|Tenuous atmosphere of Mars|
visible from low orbit
Although Krauss makes a reasonable technical case for this unconventional scheme, his ethical analysis it is scant, relying, more or less, on this anecdote,
"One of my peers in Arizona recently accompanied a group of scientists and engineers from the Jet Propulsion Laboratory on a geological field trip. During the day, he asked how many would be willing to go on a one-way mission into space. Every member of the group raised his hand. The lure of space travel remains intoxicating for a generation brought up on Star Trek and Star Wars."
|"Jackass: The Movie"|
Don't get me wrong, I was one of the generation that Krauss mentions; intoxicated by Star Trek - although less so by Star Wars - and, for the better part of my life I, too, would have eagerly raised my hand to volunteer to become a Mars pioneer, naively confident that my exuberance at the outset of such an adventure would immunize me against any hardship I encountered, no matter its duration or its severity. But I have lived long enough to realize that even the most passionately declared vows fall victim to the realities of time and circumstance, and that we turn out to be very poor prognosticators of our own capacity to persevere, especially in the face of chronic psychological insult. I imagine that Lawrence Krauss has lived long enough to have come to this realization as well.
Taken aback by Krauss's opinion piece, I submitted the following (unpublished) letter to the Times in response.
To the Editor:
Lawrence Krauss may have come up with a correct engineering solution for getting human beings to Mars by dispatching volunteers on a one-way trip, but he falls short as far as the analysis of the ethical implications are concerned.
No doubt there are many who would volunteer for such a seemingly marvelous expedition. But will they in any realistic way be able to anticipate the emotional hardship that they will have to endure? And how will we feel, having exploited their naive enthusiasm, forced to watch from a distance of more than 35 million miles, as they descend into likely depression and inevitable old age, unable to offer the consoling touch of a human hand?
First and foremost I take issue with Krauss's presumption that voluntary participation in a research study - and the one-way trip is proposed in order to conduct scientific research - relieves investigators of their ethical responsibility to protect the health and welfare, emotional and physical, of the subjects that they have recruited. I also wonder what could possibly constitute "informed consent" in deciding to expose people to, not only unprecedented circumstances of emotional hardship, but ones of unprecedented duration.
It would be one thing to tell enthusiastic volunteers, "you are going on a one-way trip to Mars for the advancement of science" and quite another to say, "you are going on a one-trip to Mars for the advancement of science, and you will be undergoing the kind of isolation and confinement, away from sources of solace and companionship, that may very well will leave you depressed, perhaps insane or suicidal, within a matter of months; that you and at most a handful of colleagues will be confined to close quarters for years, even decades, without the possibility of the briefest separation; that you will never again enjoy a stroll through a garden in springtime or a dinner out with friends at a favorite restaurant. "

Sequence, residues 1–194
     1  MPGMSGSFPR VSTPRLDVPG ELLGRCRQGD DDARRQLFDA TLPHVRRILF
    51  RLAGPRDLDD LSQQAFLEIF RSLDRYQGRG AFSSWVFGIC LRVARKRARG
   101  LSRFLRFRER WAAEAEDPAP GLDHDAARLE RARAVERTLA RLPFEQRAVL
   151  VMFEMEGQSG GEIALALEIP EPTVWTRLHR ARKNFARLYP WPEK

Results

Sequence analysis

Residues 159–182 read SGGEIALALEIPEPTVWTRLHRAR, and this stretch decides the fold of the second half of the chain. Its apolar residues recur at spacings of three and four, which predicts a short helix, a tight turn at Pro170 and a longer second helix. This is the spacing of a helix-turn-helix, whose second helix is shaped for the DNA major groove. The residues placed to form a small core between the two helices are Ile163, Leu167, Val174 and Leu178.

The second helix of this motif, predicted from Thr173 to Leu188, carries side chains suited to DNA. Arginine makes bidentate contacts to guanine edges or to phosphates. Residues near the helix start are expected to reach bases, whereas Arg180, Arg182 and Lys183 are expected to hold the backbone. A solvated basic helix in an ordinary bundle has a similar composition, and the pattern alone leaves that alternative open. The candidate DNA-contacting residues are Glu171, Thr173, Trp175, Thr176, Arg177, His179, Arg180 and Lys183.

|A view of the current Amundsen-Scott South Pole Station|
|Magellan's ship Victoria,|
detail from a map of Ortelius (1590)
Before we endorse the Mars mission they propose, we should convince ourselves that we aren't consigning noble volunteers to (short) lives suffused with sadness and torment. Their initial excitement about serving the grand interests of science cannot immunize them from these possible outcomes, no matter what they say or hope.
It may come as a surprise to readers of this series that I do not oppose the manned exploration and eventual colonization of Mars. I imagine that, barring a collapse of our global civilization, it will begin sometime in the latter half of this century or early in the next one. This will mark a wonderful turning point in human history!
What I do oppose is the manufactured urgency that surrounds the proposed one-way mission to Mars; that it is a necessary component in our scientific investigations of that planet; that it is a critical step to insure our survival as a species; that it will in any way offer a common purpose which will help to remedy political disunion and conflict here on Earth.
|Empty bottle with mail|
(credit: Larry Yuma)
As a message in a digital bottle of sorts to those first unharried one-way pioneers who will become the first long-term inhabitants of the Red Planet, I want to say from decades past how much I admire you for your courage, since I know that even the most carefully planned space missions will never eliminate risks to life and limb. And I want to thank you for your willingness to endure hardship, especially the first among you to arrive, since the going will be particularly rough for you. But I take consolation in imagining that your isolation will be short lived and that you will be buoyed in your work knowing that you are preparing the ground for a larger number of compatriots who will be arriving soon after you do, allowing you to once again assume your role in the ranks of a human community large enough and vibrant enough to ensure your emotional and psychological well-being as your bold colony grows and thrives.
May you live long and prosper!
One-Way Mission to Mars - Ethics Fail by Marc Merlin is licensed under a Creative Commons Attribution-NonCommercial-NoDerivs 3.0 Unported License.
Based on a work at thoughtsarise.blogspot.com.